Product Liability Lawsuits Over Tylenol Liver Failure Centralized in MDL
A federal multidistrict litigation (MDL) has been established for all Tylenol liver failure lawsuits, centralizing complaints filed in U.S. District Courts throughout the country before Judge Lawrence F. Stengel in the Eastern District of Pennsylvania.
Following oral arguments late last month, the U.S. Judicial Panel on Multidistrict Litigation (JPML) issued a Transfer Order (PDF) on April 1, consolidating all product liability lawsuits filed on behalf of users of Tylenol who allege that they suffered liver damage and liver failure due to the side effects of acetaminophen, the active ingredient in Tylenol.
There are currently at least 27 Tylenol lawsuits pending in seven different U.S. District Courts, with 21 of those already in Pennsylvania. All of the complaints involve similar allegations that Johnson & Johnson failed to adequately warn consumers about the liver toxicity of Tylenol, which has been linked to a risk of liver failure and a possible need for individuals to undergo a liver transplant.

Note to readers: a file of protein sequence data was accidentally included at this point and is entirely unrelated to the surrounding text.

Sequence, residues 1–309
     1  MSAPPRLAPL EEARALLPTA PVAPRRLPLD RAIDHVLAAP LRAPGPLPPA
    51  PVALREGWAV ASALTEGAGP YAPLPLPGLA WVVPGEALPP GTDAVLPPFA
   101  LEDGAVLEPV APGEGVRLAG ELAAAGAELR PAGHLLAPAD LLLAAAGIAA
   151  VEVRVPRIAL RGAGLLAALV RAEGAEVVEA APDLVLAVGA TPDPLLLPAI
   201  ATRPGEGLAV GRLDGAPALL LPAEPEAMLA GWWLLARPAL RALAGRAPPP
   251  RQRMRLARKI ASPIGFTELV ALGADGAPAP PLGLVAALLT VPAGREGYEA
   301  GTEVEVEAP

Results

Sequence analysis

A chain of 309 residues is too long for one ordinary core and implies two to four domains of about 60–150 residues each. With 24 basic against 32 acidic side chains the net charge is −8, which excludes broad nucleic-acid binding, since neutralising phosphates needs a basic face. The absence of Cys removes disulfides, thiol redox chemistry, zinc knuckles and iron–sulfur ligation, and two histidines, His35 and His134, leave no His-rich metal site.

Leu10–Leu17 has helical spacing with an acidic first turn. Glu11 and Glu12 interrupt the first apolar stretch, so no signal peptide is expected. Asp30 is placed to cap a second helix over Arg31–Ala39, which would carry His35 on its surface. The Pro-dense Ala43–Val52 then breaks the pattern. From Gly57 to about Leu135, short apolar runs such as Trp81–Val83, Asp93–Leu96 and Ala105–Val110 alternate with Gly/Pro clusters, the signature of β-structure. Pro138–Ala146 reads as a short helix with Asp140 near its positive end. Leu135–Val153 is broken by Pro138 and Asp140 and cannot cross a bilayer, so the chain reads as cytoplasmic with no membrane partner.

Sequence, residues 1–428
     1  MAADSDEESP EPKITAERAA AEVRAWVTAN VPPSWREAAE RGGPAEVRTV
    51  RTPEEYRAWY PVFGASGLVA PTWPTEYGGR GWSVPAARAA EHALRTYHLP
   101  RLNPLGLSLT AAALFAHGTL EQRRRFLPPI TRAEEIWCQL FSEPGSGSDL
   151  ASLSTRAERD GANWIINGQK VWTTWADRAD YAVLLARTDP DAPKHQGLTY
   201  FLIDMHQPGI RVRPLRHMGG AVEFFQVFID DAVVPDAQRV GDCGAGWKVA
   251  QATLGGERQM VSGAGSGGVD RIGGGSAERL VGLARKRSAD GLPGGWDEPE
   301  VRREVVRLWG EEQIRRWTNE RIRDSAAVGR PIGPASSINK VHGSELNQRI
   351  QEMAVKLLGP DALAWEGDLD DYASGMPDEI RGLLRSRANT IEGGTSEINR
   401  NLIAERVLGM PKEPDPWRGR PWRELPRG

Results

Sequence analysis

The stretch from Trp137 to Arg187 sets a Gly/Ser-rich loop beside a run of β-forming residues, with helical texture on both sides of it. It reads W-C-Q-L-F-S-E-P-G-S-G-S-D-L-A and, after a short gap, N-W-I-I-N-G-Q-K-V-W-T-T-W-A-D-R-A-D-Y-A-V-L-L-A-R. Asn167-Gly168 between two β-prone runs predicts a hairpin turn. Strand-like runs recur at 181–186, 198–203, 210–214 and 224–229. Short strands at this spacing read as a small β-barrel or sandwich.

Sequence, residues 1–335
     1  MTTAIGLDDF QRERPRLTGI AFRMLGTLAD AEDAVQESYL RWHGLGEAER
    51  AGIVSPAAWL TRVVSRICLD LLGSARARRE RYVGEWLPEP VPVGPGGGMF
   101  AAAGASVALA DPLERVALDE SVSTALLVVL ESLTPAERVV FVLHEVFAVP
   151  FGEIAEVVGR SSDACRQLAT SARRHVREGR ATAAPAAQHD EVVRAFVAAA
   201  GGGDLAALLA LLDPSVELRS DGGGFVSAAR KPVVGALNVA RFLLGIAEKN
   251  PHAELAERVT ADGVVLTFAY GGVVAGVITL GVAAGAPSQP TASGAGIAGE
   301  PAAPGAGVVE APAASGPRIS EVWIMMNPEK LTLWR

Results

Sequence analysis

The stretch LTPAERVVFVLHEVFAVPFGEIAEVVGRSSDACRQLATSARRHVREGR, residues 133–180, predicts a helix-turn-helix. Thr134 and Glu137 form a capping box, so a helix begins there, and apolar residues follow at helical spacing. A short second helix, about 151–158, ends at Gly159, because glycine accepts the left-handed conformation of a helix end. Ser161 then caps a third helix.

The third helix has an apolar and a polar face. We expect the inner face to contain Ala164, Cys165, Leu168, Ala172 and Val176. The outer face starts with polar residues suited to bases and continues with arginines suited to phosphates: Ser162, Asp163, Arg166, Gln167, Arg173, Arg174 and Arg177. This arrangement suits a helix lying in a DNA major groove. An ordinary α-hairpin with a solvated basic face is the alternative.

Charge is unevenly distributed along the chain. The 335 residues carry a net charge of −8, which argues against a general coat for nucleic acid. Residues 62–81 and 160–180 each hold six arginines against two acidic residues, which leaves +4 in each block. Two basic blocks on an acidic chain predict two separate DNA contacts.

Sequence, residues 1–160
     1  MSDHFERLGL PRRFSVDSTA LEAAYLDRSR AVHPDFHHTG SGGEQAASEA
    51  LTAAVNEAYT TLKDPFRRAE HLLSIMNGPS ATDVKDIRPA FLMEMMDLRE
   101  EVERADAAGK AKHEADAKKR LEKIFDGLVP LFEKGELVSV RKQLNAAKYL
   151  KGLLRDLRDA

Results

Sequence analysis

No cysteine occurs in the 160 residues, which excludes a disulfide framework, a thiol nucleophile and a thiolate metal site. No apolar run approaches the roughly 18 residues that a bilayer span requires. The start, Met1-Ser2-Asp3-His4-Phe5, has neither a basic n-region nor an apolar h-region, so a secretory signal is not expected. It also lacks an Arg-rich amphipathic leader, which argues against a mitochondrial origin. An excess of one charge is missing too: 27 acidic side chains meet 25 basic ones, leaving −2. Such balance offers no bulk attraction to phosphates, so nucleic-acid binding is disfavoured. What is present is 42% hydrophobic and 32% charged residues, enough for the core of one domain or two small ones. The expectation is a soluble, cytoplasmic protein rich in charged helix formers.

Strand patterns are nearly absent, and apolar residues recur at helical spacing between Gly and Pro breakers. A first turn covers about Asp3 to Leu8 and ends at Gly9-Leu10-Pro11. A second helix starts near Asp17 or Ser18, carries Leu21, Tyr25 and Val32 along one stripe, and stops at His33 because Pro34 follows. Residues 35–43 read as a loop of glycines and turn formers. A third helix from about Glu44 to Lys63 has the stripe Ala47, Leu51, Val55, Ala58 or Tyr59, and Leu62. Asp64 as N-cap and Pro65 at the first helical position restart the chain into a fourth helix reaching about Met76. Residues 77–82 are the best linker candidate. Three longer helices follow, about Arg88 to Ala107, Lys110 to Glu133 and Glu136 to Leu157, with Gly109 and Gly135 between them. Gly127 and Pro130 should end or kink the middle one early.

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The FDA has indicated that acetaminophen overdose is a leading cause of liver failure in the U.S., resulting in more than 50,000 emergency room visits, 25,000 hospitalizations and over 450 deaths annually. In a 2002 FDA advisory committee meeting, experts found that there were between 1,000 and 2,000 acetaminophen-induced liver failures each year.
In recent years, efforts have been ramped up to bring acetaminophen overdose side effects to the public’s attention and to reduce the amount of liver failure cases linked to the popular analgesic, which is also found in other pain killers and a number of cold medications.
In July 2011, McNeil announced that it was lowering the maximum recommended dosage on Tylenol and other acetaminophen-based products from 4,000 mg per day to 3,000 mg per day. The decision came after the FDA announced new limits on acetaminophen levels in prescription painkillers like Vicodin and Percocet. But over-the-counter painkillers and drugs with acetaminophen went unaffected.
Centralizing the Tylenol litigation before one judge is designed to reduce duplicative discovery in a large number of cases, eliminate conflicting rulings from different judges and to serve the convenience of the parties, witnesses and the courts.
Johnson & Johnson opposed centralization, claiming that the company has appropriately warned consumers about the risks of Tylenol liver damage for years, and arguing that any product liability cases will depend largely on the facts in individual cases.
The JPML disagreed, saying that individual health situations are often a major factor in MDLs created over drug liability claims.
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